Little damage from huge Pacific quake; tsunami threat passes

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New Zealand Herald

People gather on high ground in Whangarei, New Zealand, as a tsunami warning is issued Friday, March 5, 2021. A powerful magnitude 8.1 earthquake struck in the ocean off the coast of New Zealand prompting thousands of people to evacuate and triggering tsunami warnings across the South Pacific. (Mike Dinsdale/New Zealand Herald via AP)

WELLINGTON – One of the strongest earthquakes to hit the South Pacific in modern history triggered tsunami warnings across the ocean and forced thousands of people in New Zealand to evacuate coastal areas Friday. Small tsunami waves were seen, but little damage was apparent hours later.

The magnitude 8.1 quake in the Kermadec Islands region about 1,000 kilometers (620 miles) from New Zealand's two main islands was the largest in a series of temblors over several hours, including two earlier quakes that registered magnitude 7.4 and magnitude 7.3.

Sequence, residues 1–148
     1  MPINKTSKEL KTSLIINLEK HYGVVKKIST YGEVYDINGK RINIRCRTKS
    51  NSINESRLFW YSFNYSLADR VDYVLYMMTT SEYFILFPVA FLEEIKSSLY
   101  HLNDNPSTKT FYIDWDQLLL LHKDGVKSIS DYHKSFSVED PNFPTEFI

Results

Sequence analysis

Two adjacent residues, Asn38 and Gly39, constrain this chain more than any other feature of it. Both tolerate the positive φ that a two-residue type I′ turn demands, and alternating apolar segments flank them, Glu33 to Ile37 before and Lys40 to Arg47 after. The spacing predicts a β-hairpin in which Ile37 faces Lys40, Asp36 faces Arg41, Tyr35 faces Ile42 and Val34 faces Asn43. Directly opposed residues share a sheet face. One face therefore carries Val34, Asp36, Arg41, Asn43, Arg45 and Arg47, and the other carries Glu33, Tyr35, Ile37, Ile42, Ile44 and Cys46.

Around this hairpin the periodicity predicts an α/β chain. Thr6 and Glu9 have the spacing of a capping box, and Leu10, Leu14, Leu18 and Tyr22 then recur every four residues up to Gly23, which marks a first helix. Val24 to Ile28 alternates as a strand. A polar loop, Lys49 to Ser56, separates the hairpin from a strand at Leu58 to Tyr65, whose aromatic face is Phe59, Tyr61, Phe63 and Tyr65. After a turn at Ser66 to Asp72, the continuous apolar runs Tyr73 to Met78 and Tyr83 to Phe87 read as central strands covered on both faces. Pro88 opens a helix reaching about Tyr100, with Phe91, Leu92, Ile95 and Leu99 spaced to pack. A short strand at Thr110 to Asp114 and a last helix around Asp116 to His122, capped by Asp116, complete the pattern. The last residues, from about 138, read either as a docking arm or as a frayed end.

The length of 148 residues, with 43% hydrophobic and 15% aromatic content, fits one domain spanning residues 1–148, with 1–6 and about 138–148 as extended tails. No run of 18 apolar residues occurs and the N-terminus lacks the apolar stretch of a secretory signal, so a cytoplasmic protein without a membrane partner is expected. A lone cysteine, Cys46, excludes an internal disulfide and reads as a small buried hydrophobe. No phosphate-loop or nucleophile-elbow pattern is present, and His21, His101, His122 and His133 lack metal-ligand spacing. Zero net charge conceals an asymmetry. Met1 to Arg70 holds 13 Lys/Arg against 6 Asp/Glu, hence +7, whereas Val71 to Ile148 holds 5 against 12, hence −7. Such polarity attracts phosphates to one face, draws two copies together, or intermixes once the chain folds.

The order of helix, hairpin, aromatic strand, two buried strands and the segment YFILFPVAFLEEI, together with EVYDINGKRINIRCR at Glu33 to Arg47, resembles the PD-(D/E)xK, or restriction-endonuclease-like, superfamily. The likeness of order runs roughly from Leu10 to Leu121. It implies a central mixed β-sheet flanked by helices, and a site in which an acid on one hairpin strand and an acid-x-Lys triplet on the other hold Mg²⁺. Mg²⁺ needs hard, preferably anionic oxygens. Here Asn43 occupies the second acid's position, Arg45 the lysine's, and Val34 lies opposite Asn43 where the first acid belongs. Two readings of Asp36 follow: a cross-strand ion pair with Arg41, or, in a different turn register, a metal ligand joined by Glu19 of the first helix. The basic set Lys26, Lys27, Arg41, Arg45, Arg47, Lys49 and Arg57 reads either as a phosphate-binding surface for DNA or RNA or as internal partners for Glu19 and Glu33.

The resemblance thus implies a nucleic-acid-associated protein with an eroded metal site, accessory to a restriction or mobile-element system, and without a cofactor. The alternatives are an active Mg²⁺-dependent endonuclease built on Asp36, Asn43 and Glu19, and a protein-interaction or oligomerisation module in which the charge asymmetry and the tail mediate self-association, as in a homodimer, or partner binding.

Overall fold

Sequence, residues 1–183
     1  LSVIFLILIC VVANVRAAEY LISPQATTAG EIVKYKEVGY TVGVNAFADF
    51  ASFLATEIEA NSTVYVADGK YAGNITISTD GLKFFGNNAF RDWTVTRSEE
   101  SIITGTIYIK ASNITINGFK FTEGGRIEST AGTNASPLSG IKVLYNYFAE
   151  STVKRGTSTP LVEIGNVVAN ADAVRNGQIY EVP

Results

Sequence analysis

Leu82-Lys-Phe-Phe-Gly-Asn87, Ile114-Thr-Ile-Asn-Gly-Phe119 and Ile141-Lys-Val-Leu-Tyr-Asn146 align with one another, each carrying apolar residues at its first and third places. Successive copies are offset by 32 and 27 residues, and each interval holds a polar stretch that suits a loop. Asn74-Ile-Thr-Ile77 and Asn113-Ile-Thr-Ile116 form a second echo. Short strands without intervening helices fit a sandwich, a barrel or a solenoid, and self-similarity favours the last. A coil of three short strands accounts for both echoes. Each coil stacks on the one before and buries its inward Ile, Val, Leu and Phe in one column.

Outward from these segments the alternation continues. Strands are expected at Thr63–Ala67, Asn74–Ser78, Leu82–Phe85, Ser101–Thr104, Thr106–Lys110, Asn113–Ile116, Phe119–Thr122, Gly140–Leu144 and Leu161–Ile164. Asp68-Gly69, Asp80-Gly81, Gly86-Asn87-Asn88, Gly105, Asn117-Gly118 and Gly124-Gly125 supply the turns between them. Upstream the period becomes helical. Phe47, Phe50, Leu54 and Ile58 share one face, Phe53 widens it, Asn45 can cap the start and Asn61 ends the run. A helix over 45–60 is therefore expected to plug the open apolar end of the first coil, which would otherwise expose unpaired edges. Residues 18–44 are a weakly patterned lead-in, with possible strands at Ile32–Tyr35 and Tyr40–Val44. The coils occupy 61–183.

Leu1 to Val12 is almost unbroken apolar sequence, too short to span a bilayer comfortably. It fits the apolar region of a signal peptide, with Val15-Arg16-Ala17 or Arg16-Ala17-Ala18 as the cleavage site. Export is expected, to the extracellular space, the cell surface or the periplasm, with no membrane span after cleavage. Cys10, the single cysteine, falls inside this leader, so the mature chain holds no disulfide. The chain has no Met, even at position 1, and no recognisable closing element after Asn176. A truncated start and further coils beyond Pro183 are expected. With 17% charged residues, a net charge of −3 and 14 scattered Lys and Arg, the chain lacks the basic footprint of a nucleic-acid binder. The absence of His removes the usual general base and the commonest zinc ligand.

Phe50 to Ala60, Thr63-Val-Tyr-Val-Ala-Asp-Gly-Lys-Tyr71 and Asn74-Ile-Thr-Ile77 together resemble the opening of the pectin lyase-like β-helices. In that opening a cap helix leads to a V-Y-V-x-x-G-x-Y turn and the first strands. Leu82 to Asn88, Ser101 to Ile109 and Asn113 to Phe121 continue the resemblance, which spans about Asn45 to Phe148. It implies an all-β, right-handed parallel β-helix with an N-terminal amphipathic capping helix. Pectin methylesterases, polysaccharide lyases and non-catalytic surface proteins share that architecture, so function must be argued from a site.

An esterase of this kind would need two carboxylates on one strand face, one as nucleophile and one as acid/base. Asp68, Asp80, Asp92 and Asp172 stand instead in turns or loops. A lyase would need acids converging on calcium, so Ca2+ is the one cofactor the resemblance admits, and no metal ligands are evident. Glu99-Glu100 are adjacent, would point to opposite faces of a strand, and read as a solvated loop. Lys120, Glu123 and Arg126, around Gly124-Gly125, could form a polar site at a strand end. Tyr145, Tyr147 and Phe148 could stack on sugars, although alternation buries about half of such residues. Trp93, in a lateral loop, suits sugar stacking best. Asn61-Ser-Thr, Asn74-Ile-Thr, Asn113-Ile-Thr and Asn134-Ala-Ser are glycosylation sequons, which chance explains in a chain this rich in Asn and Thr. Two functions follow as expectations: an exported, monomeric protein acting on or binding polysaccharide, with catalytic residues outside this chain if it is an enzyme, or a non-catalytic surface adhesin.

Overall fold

The tsunami threat caused traffic jams and some chaos in New Zealand as people scrambled to get to higher ground.

Residents recorded videos of small wave surges in some places, including at Tokomaru Bay near Gisborne. In the afternoon, the National Emergency Management Agency said the threat had passed and people could return to their homes, although they should continue avoiding beaches.

One of the earlier quakes hit much closer to New Zealand and awoke many people as they felt a long, rumbling shaking. “Hope everyone is ok out there,” New Zealand Prime Minister Jacinda Ardern wrote on Facebook during the night.

After the largest quake, civil defense authorities in New Zealand told people in some coastal areas to immediately get to higher ground. They said a damaging tsunami was possible, and waves could reach up to 3 meters (10 feet).

Emergency Management Minister Kiri Allan told reporters that people had followed the advisory.

“They felt the long or strong earthquakes and they knew to grab their bag and head into the highlands,” she said. “I can only thank and acknowledge the tireless efforts of the men and women from up and down the coast who knew how to act, when to act, and what to do.”